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Swine Nutrition and Feed Technology
Asian-Australasian Journal of Animal Sciences 2008;21(6): 861-867.
https://doi.org/10.5713/ajas.2008.70574    Published online May 7, 2008.
Effects of Exogenous Ghrelin on the Behaviors and Performance of Weanling Piglets
Xingli Wu, Maoyan Tang, Qiugang Ma, Xinxu Hu, Cheng Ji*
Correspondence:  Cheng Ji,
The objective of this study was to evaluate the effect of exogenous ghrelin on the behaviors, weight gain, and feed intakes of weanling piglets. A total of 25 pairs of Duroc??Landrace??Large White piglets weaned at 21 days of age were used in this experiment which finished on day 36. Each pair of healthy piglets from the same litter with similar body weight and of the same gender were selected and randomly arranged to ghrelin or control groups. Thus, there were 50 piglets (ghrelin 25; control 25) kept in 10 pens (ghrelin 5; control 5) and 5 piglets per pen. Initial body weight of the pigs did not differ between the control and ghrelin treatment (7.43??.17 kg; p = 0.81). Experimental pigs were infused with ghrelin (1 ??g/d pig) via the marginal ear vein between 0750 and 0800 h at 22, 23, 24 days of age. Control pigs were infused with 0.9% saline. Feed consumption was measured on days 23, 24, 25, 29 and 36. Body weight was measured on days 22, 23, 24, 25, 29 and 36. Behavior data of individual piglets were collected by real-time observation from 0800-1500 h through remote supervisory equipment at 22, 23 and 24 days of age. The results indicated that ghrelin infusion could increase drinking (p<0.05) and lying behaviors (p<0.01) and decrease mounting behaviors (p<0.05). No significant influence of ghrelin was found on average daily weight gain (ADG) and average daily feed intake (ADFI) in this experiment (p>0.05). In conclusion, exogenous ghrelin by the method above and at the dosage of 1 ??g/d pig could cause a variety of behavioral effects, but not improve performance of weanling piglets.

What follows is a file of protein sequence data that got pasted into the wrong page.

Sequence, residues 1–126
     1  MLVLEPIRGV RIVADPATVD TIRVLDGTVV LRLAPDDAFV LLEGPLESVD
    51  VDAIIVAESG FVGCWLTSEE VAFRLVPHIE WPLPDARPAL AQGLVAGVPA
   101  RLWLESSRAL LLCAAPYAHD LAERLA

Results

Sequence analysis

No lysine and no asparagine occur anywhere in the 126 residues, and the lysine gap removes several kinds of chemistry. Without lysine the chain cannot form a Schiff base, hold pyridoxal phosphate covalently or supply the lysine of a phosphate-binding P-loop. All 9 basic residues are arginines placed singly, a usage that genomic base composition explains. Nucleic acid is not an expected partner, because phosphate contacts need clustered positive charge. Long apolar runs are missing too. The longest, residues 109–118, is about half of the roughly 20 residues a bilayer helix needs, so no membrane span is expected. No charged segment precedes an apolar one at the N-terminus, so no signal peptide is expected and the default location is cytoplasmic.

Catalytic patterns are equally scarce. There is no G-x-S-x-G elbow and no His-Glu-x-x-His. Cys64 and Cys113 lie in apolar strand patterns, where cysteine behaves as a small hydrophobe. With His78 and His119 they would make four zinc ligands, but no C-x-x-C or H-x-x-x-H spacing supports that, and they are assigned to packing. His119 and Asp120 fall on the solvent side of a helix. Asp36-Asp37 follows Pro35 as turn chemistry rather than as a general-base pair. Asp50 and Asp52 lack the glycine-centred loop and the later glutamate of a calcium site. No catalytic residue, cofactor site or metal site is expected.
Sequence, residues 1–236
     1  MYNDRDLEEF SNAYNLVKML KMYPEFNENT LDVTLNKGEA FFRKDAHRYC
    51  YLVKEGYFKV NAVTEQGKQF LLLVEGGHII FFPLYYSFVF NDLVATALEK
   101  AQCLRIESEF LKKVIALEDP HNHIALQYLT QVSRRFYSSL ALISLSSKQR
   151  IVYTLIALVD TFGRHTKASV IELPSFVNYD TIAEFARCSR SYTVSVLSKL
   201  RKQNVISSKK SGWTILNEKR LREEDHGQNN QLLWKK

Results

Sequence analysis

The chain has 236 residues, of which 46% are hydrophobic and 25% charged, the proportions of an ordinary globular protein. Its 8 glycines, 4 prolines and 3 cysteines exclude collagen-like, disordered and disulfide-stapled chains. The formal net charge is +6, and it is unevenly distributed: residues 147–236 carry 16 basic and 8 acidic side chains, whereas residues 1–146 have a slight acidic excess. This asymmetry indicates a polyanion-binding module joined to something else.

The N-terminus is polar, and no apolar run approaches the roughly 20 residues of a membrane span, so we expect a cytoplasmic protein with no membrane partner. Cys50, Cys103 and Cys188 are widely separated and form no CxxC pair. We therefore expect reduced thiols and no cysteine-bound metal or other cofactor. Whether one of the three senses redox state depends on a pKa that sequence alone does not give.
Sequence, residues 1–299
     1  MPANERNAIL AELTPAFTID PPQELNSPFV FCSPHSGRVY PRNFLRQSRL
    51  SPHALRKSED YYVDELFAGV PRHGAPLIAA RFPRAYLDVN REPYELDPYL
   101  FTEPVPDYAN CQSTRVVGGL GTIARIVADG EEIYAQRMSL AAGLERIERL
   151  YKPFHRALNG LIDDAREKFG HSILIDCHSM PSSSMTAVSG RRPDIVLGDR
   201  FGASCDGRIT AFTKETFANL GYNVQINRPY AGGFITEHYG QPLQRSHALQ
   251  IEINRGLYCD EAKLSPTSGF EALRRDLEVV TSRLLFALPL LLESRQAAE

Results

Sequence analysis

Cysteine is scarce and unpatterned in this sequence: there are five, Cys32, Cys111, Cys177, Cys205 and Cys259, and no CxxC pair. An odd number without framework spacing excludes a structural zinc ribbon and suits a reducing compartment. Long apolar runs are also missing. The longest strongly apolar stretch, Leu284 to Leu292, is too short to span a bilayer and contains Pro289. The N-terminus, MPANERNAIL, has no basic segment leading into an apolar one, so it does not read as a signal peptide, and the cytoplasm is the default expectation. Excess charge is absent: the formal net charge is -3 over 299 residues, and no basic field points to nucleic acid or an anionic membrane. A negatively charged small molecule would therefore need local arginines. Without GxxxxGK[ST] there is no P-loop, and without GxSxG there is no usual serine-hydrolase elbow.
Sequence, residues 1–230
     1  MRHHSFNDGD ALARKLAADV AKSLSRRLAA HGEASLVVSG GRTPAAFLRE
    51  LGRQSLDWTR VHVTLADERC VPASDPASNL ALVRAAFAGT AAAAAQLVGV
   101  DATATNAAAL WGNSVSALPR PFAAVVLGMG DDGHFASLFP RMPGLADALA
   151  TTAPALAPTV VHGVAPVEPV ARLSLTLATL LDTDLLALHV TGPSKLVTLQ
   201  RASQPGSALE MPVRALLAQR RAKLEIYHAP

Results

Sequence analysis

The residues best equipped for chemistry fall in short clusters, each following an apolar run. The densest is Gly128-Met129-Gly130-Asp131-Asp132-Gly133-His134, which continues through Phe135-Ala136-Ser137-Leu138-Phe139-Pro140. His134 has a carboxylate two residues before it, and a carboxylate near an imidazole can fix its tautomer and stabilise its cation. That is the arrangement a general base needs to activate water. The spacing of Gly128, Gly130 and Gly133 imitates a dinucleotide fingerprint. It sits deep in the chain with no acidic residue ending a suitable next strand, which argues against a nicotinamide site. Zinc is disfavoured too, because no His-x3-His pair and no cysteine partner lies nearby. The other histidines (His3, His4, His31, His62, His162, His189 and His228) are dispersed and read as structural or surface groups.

Keywords: Ghrelin; Behavior; Drinking; Piglet; Stress; Weanling

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